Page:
Early Morning Open Thread: The Voting Rights ActPosted: February 28, 2013
Delivered March 15, 1965, Washington, D.C.
I speak tonight for the dignity of man and the destiny of democracy.
I urge every member of both parties—Americans of all religions and of all colors—from every section of this country—to join me in that cause.
At times history and fate meet at a single time in a single place to shape a turning point in man’s unending search for freedom. So it was at Lexington and Concord. So it was a century ago at Appomattox. So it was last week in Selma, Alabama.
There is no Negro problem. There is no southern problem. There is no northern problem. There is only an American problem.
And we are met here tonight as Americans—not as Democrats or Republicans—we are met here as Americans to solve that problem.
This was the first nation in the history of the world to be founded with a purpose. The great phrases of that purpose still sound in every American heart, north and south: “All men are created equal” — “Government by consent of the governed” — “Give me liberty or give me death.”…
Those words are a promise to every citizen that he shall share in the dignity of man. This dignity cannot be found in man’s possessions. It cannot be found in his power or in his position. It really rests on his right to be treated as a man equal in opportunity to all others. It says that he shall share in freedom, he shall choose his leaders, educate his children, provide for his family according to his ability and his merits as a human being….
Many of the issues of civil rights are very complex and most difficult. But about this there can and should be no argument. Every American citizen must have an equal right to vote. There is no reason which can excuse the denial of that right. There is no duty which weighs more heavily on us than the duty we have to ensure that right.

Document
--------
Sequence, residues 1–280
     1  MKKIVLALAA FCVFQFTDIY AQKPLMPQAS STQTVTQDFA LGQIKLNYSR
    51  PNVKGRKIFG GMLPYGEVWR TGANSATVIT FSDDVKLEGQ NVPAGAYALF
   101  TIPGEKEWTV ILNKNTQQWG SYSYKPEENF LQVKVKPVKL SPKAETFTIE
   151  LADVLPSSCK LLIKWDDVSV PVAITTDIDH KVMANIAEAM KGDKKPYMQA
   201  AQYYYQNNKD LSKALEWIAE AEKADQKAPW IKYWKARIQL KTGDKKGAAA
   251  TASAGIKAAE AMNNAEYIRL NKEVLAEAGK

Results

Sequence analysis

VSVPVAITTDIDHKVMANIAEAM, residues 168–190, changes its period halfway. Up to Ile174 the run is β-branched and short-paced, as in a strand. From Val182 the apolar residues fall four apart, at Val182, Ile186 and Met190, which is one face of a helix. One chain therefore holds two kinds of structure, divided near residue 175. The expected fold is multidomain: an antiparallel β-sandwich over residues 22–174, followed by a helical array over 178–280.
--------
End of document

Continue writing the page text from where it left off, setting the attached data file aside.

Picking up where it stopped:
Yet the harsh fact is that in many places in this country men and women are kept from voting simply because they are Negroes….
Experience has clearly shown that the existing process of law cannot overcome systematic and ingenious discrimination. No law that we now have on the books—and I have helped to put three of them there—can ensure the right to vote when local officials are determined to deny it.
In such a case our duty must be clear to all of us. The Constitution says that no person shall be kept from voting because of his race or his color. We have all sworn an oath before God to support and to defend that Constitution.
We must now act in obedience to that oath.
Wednesday I will send to Congress a law designed to eliminate illegal barriers to the right to vote….
To those who seek to avoid action by their National Government in their home communities—who want to and who seek to maintain purely local control over elections—the answer is simple. Open your polling places to all your people. Allow men and women to register and vote whatever the color of their skin. Extend the rights of citizenship to every citizen of this land. There is no constitutional issue here. The command of the Constitution is plain. There is no moral issue. It is wrong—deadly wrong—to deny any of your fellow Americans the right to vote in this country. There is no issue of States rights or National rights. There is only the struggle for human rights.